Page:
Last week, we released MobileXPRT 2013 to the public and published it as a free app on Google Play. On Monday, we will release the source code to the community. It hasn’t been long since we released the source code for MobileXPRT CP 1.1, but it’s an important part of the community model that the source for the current version is available to the community.
While we were putting the finishing touches on MobileXPRT, we’ve been hard at work on HDXPRT 2013. The feedback on HDXPRT made it clear that the benchmark should be smaller, faster, and easier to install. We have been working to keep all the value of the benchmark, and update the workloads to reflect current usage, even as we slim it down.
Speaking of HDXPRT, as we mentioned in The show is in previews, HDXPRT 2012 has issues running on Windows 8.1. However, we have had some success getting HDXPRT to run on Windows 8.1 by using beta drivers from Intel, AMD, and NVIDIA. We are still investigating this, and hope to have a general workaround for this soon.
There’s lots more stuff in the pipeline. Exciting times ahead!
There’s a lot going on in the world of the XPRTs. We’re working on HDXPRT 2013, writing white papers, building up our results database, and thinking ahead to the next versions of TouchXPRT and WebXPRT. At the same time, we are giving quite a bit of attention to PhoneXPRT.
As we said in the PhoneXPRT press release last month, PhoneXPRT will use the same kinds of realistic scenarios the other XPRT benchmarks do. These scenarios include tasks that people perform on phones as well as other mobile devices.
We’ve gone back and forth on the seemingly simple question of how to define what a phone is. At one point, defining a phone as a mobile device that you put to your ear seemed to suffice. As phones grow larger and tablets smaller, that doesn’t really hold up.
We also have a decent bit of interest in using the benchmark on Android-based tablets as well as phones. That seems like a good idea to us, as we are all for getting the most out of any benchmark.
One issue, however, is that PhoneXPRT is not a great name for a benchmark that may be commonly used on devices other than phones. So we’ve started thinking about what else we could call it.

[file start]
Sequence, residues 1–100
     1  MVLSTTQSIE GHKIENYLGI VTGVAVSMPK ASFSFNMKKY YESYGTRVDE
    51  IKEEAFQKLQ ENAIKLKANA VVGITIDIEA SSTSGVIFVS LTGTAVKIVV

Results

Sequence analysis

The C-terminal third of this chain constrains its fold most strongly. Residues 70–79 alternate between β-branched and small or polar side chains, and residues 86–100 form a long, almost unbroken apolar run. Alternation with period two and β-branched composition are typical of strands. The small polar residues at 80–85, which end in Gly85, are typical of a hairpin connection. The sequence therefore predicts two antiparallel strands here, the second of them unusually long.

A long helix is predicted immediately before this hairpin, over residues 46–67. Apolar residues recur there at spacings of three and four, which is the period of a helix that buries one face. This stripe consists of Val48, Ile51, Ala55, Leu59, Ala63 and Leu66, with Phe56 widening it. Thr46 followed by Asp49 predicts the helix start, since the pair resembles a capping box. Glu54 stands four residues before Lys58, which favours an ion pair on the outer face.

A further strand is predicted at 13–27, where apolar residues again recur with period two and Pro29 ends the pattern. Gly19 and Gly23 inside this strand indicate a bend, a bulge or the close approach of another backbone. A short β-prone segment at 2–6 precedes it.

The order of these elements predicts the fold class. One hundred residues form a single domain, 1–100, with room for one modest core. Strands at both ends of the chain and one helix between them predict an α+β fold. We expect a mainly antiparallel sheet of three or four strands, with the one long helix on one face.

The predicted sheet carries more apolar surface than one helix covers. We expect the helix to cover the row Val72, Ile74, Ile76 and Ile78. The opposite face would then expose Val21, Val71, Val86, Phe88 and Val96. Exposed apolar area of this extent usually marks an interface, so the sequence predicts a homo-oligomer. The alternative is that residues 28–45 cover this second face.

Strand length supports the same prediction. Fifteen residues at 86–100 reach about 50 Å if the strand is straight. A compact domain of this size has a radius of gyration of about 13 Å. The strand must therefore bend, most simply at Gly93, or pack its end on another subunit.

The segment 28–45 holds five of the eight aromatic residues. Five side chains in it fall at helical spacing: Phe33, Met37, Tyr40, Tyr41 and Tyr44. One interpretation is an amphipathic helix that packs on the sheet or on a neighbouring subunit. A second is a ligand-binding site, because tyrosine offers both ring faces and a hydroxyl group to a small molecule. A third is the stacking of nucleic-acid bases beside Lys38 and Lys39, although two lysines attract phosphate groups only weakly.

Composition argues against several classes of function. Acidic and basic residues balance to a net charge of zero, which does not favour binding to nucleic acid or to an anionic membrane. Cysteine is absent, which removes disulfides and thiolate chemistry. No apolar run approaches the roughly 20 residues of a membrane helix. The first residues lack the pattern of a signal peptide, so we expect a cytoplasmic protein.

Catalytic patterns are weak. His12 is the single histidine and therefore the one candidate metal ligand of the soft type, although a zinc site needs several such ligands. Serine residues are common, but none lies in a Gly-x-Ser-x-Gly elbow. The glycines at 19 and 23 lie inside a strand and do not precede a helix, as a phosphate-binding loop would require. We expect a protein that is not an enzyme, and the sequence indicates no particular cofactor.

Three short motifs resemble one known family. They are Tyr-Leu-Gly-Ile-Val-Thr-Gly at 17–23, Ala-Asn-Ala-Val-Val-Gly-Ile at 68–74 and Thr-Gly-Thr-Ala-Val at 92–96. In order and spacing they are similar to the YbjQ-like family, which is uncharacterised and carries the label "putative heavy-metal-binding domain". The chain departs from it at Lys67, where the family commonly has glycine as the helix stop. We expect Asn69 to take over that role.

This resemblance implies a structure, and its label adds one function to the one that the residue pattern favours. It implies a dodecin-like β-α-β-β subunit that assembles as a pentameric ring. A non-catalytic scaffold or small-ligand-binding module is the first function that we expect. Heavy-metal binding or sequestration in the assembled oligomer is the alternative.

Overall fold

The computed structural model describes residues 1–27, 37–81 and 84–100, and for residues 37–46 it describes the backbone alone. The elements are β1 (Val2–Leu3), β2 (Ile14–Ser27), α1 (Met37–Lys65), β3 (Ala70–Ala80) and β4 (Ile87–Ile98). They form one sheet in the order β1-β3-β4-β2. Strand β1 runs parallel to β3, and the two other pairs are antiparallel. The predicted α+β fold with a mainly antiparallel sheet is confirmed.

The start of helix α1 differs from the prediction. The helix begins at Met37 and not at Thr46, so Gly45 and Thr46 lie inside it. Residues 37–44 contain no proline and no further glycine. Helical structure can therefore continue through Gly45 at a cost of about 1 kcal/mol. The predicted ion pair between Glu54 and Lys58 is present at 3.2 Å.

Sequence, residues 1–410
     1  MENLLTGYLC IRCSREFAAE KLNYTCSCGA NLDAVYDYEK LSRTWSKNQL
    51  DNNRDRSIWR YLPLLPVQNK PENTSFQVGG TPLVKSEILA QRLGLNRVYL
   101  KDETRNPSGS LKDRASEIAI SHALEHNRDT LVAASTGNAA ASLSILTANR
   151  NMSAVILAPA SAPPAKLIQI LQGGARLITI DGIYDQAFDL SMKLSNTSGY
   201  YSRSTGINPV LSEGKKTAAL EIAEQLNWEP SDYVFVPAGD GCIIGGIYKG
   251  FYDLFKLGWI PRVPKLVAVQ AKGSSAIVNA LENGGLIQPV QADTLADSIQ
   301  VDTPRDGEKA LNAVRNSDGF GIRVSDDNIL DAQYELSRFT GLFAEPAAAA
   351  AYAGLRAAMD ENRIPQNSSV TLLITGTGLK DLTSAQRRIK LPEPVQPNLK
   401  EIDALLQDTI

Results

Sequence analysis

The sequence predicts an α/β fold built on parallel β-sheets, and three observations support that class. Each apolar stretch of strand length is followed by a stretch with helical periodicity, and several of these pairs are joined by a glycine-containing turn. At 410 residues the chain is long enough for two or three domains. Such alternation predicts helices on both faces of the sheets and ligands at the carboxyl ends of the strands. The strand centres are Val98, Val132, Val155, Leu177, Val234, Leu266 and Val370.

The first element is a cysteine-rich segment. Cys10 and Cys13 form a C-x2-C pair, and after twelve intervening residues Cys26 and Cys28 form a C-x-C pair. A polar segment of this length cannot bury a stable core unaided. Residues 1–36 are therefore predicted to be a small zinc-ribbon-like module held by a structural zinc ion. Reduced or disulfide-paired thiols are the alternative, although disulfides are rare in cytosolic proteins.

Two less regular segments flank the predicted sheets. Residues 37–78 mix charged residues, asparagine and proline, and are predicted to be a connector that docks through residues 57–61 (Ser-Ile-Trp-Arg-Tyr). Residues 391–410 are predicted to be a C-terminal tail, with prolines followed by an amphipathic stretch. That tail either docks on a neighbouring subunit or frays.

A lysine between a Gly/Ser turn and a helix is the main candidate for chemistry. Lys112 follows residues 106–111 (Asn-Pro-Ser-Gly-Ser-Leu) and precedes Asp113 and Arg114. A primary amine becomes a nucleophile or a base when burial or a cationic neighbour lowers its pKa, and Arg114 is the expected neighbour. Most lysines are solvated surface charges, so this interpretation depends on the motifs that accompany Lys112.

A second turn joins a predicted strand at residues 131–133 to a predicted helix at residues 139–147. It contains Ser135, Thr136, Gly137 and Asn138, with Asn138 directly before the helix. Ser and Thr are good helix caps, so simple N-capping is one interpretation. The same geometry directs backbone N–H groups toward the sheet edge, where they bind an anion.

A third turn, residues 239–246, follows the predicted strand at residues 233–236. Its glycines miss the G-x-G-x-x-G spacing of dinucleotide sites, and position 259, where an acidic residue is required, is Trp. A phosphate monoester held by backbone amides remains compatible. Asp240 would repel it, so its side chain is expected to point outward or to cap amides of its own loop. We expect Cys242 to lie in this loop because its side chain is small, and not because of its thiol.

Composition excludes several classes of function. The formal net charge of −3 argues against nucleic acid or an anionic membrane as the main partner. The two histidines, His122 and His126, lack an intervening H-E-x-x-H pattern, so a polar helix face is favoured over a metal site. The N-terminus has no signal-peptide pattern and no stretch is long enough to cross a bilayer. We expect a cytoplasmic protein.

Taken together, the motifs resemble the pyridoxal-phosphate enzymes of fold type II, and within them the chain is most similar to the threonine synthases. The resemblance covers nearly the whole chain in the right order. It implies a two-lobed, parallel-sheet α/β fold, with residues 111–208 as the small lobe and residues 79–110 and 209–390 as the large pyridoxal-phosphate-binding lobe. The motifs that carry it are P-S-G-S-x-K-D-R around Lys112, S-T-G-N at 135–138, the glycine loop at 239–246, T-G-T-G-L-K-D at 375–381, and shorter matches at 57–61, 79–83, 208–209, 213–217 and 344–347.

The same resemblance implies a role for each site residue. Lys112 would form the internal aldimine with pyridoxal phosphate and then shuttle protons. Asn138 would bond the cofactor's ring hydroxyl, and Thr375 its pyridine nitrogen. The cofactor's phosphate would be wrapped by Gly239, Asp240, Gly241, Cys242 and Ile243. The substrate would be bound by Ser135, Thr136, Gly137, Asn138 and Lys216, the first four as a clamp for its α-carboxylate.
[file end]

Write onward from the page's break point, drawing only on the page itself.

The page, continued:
As always, we look to the community. Do you think calling the benchmark PhoneXPRT would limit its usefulness for benchmarking tablets? Do you have any ideas for more inclusive names? We really need your feedback here and look forward to getting it. Please send suggestions to firstname.lastname@example.org or post your comments in the forum. Thanks!
As we mentioned last week, the Samsung debuted the Galaxy S4 this past week. It seems to have hit all the expectations – including eye-scrolling. Looking at the reviews, it’s somewhere between the greatest phone ever made and something not quite as good as the iPhone. I’m looking forward to seeing one for myself and hoping someone submits a WebXPRT score for it soon.
We’ll be releasing the HDXPRT 2013 design document tomorrow. As we’ve said, the number one comment has been that HDXPRT 2012 is too big and takes too long to run. We have put a lot of thought into how to trim HDXPRT 2013 and still keep the essential value of the benchmark. We’ve also received some other good feedback that we’re incorporating, such as making installing and running HDXPRT scriptable.
We’ve been doing some investigation during the RFC period, and we’ve encountered problems scripting some of the applications, notably iTunes and PowerDirector. We’re working to overcome these problems but if they prove to be insurmountable, we might have to change the list of applications.
Again, thanks to everyone who commented on the HDXPRT 2013 RFC.
We’ve learned that some WebXPRT users in mainland China are having problems with very slow downloads. The good news is that results from the runs are valid. However, we understand that this is frustrating and are investigating solutions. If you are in China and have experienced slow downloads, please send an e-mail to email@example.com. We would like your help in evaluating any solutions we come up with.